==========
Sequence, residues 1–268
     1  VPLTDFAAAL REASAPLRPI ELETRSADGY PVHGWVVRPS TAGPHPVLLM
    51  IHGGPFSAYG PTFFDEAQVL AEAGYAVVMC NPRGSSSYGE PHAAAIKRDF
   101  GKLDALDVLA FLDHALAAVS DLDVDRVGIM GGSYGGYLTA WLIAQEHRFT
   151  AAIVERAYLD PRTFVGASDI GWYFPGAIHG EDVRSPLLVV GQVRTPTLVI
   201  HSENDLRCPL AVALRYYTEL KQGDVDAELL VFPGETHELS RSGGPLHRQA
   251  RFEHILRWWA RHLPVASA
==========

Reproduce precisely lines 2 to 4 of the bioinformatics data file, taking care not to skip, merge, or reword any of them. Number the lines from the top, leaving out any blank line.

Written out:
     1  VPLTDFAAAL REASAPLRPI ELETRSADGY PVHGWVVRPS TAGPHPVLLM
    51  IHGGPFSAYG PTFFDEAQVL AEAGYAVVMC NPRGSSSYGE PHAAAIKRDF
   101  GKLDALDVLA FLDHALAAVS DLDVDRVGIM GGSYGGYLTA WLIAQEHRFT